According to one randomized, double-blind study, Xeomin was found to work faster and last longer than Botox. The study, which assessed 180 people over six months, found that more women experienced greater effects compared to men. Dysport (abobotulinumtoxinA), another botulinum toxin injection, was also included in the study and fared on a similar level with Botox when compared to Xeomin.
The Journal of Dermatology Surgery ran a double-blind clinical trial comparing the active ingredients of Xeomin and Botox. The trial included 250 women who either received 20 units of Xeomin or 20 units of Botox. According to this study, both toxin injections showed similar effectiveness after four months.
Aside from the fact that these injections work in identical ways, they must also be administered by a licensed provider or medical doctor, such as a dermatologist or plastic surgeon. Consult your provider to determine which option is better for you.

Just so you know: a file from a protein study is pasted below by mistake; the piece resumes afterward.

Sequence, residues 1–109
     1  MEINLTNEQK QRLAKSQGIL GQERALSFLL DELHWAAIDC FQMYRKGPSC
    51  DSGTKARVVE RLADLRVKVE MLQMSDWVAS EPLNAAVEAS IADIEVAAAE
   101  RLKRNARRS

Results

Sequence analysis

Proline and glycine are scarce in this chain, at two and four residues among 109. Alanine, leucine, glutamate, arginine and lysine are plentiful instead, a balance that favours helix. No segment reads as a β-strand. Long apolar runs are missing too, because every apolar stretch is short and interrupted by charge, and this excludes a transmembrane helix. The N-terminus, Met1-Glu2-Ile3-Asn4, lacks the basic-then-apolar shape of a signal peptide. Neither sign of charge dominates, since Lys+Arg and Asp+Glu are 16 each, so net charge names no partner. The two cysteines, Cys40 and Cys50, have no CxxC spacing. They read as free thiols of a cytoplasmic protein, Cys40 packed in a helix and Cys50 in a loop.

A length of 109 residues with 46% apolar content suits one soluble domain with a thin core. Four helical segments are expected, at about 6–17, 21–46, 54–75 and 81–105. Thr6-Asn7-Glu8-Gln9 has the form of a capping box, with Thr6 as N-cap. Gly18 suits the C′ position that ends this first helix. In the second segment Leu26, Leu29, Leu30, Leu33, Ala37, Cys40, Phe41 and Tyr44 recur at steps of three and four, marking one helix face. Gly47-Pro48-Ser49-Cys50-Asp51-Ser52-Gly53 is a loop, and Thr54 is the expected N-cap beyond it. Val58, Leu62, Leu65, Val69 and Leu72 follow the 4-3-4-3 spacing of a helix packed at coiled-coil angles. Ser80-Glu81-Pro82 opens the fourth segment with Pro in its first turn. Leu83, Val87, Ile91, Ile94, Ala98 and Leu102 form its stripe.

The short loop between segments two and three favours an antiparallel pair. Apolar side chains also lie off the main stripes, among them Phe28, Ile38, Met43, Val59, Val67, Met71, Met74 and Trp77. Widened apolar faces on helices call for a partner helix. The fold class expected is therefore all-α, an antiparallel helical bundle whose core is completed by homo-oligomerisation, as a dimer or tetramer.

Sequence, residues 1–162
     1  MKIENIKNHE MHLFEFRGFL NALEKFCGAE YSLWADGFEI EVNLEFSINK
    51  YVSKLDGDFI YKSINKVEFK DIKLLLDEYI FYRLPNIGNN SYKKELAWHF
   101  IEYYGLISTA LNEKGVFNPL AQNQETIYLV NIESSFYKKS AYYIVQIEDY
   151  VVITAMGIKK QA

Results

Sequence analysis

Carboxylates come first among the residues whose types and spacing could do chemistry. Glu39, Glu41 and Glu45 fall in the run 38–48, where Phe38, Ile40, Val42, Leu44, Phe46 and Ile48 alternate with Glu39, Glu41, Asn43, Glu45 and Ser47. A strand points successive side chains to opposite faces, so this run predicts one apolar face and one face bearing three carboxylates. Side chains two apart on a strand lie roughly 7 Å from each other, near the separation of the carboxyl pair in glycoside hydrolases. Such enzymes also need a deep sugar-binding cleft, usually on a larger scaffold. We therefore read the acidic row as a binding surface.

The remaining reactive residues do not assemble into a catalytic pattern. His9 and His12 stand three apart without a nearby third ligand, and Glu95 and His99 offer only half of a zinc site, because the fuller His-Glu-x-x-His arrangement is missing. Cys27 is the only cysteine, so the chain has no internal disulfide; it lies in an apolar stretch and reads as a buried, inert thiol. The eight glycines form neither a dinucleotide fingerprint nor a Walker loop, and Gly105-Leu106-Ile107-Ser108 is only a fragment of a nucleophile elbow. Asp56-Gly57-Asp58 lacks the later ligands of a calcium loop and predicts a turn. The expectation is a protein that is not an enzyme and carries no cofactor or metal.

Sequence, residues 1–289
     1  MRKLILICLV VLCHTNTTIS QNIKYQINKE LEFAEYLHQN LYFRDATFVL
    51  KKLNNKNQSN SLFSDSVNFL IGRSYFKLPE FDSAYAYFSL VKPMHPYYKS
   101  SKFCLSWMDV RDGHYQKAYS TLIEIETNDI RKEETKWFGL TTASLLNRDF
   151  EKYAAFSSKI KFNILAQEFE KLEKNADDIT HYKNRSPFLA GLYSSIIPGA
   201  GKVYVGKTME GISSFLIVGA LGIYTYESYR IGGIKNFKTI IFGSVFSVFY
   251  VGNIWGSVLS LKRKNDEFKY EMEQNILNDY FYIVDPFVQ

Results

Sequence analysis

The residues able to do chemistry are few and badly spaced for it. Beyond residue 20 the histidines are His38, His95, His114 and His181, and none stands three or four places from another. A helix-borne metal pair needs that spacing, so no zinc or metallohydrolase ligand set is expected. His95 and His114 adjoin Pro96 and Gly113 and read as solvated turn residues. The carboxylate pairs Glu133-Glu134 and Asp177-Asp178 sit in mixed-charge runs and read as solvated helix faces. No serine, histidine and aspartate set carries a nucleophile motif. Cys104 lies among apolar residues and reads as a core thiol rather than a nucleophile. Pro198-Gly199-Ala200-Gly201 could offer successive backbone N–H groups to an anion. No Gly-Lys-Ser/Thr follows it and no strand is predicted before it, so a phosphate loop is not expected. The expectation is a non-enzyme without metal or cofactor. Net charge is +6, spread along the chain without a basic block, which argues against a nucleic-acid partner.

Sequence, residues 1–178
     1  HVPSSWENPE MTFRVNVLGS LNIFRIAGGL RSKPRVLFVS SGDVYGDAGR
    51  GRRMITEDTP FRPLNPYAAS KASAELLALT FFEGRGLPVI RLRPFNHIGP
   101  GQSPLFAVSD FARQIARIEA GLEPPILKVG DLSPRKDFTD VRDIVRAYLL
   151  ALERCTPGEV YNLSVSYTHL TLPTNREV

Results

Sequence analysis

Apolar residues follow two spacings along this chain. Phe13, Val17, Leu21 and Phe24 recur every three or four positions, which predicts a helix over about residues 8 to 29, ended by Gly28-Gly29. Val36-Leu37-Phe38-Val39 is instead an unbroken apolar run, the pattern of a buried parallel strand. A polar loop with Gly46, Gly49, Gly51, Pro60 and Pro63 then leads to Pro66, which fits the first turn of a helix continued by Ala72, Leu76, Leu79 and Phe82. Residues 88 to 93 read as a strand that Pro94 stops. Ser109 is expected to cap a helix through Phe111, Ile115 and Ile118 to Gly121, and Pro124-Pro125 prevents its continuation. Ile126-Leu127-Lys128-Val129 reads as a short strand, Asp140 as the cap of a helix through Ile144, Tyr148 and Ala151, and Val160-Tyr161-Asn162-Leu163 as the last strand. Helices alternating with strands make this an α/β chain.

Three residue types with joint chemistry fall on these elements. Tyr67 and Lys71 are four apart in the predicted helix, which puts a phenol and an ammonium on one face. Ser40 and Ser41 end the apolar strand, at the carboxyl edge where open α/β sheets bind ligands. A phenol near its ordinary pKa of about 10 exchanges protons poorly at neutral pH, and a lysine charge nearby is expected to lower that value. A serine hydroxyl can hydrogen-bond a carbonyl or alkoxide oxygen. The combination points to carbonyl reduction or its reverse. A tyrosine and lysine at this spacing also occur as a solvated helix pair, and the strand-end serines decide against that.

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Coverage and cost comparison of Xeomin vs. Botox
Unfortunately, there are no generic versions of Xeomin or Botox available. This is because regulatory laws apply differently to these drugs since they are considered biologic drugs.
Although they may still be expensive, the good news is that Xeomin and Botox are relatively similar in price. The average retail cost of either drug can be more than $1,000 or more for a vial. However, since you would be getting treatment administered at a medspa or doctor’s office, your treatment session may be priced differently.
Medicare and most insurance plans do not cover Xeomin or Botox. With a SingleCare discount card for Xeomin or Botox, the cash price can be lowered significantly. Depending on the pharmacy you use, Xeomin could cost less than $300 and Botox just more than $600.